In both of the above examples, it's obvious why actions that relieve suffering temporarily are actually harmful in the long-term.  In both situations, something has been done that makes the person feel better, but nothing has been done to actually make them better.  Not only that, but the short-term palliative only serves to keep them from taking the necessary actions that would actually help amileorate the problem, like finding a different doctor or taking the kids to some distant relative's place.

All too often, I think, we have a tendency to organize more-or-less short-lived mass gatherings as a sort of knee-jerk reaction to anything we are trying to oppose or support (but mostly oppose), without thinking through exactly what purpose in our long-term strategy that action is serving.  There are times and places where a march or a petition might be exactly what is called for, but I think a lot of us tend to assume that organizing a march or a petition are good things in and of themselves.  But if the march is just the equivalent of the doctor's shot of morphine or a night out with the girls then that's not necessarily the case.

And, as in the metaphors above, our inclination to engage in actions that simply allow us to "let off some steam" without moving us any closer to real solutions does, in many cases, keep us from taking steps that would actually start moving us in the right direction.  I have many thoughts about what those kinds of steps might look like, of course, but I'll share just one of them here.  

Among the major goals of the worker co-op and solidarity economy movements is addressing and overcoming poverty, and wealth and income inequality.  The ways that we go about doing this are, however -- at least in my opinion -- needlessly round-about.  If we want to see a society in which wealth and income are equitably shared, and in which no one has to worry about where their next meal will come from or how they'll make rent this month, we can and should start with ourselves.  How is it that within the Solidarity Economy movement itself there are some who struggle to make ends meet, while others pull down healthy 6 figure salaries?  If we say we want a more equal wealth distribution, shouldn't we be willing to practice that amongst ourselves, at the very least?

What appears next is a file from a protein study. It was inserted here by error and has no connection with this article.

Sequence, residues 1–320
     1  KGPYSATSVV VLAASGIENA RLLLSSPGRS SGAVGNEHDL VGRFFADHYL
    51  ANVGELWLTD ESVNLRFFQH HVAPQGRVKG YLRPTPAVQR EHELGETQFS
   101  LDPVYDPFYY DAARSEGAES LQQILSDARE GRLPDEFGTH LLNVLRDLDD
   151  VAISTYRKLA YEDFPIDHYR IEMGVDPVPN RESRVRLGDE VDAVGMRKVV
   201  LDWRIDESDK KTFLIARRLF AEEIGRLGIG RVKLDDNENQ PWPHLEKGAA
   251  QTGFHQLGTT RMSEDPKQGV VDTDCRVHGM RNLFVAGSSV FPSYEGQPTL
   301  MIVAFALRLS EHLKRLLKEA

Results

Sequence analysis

I imagine a system that would aggregate and distribute the revenue of all our worker co-ops and solidarity economy enterprises.  Every co-op and SE project would send their net revenues to one central clearinghouse.  Then, everyone working "in the movement" -- whether as a worker-owner, a non-profit employee, a technical assistance provider, an academic, or in some other capacity -- would submit their weekly hours to that centralized system, and would recieve payment in proportion to their labor and on the basis of the revenues from all the constituent enterprises.  Call it the "Solidarity Wage." This would not only serve to equalize incomes throughout the movement, but would provide stability for fledgling or struggling co-ops, making it easier to start a co-op and making success more likely.  And because any enterprise that is doing poorly will be a drag on the wages of everyone in the movement, everyone in the movement will be incentivized to assist everyone else in the movement.  In this way, we could really start to be the change we want to see in the world.  

Maybe you think that's an awful idea, and maybe it is, but it is indiciative, I think, of the types of outside-the-box solutions that we need to be considering and experimenting with if we're interested in creating real positive change.  Specifically, I think we need to spend more time working on changing our own relations with each other than we do trying to get other people to change their behavior.  To quote Pamela once again, "societal change that results in healthy evolution is first, and completely contingent upon individual, personal transformation in service to the whole."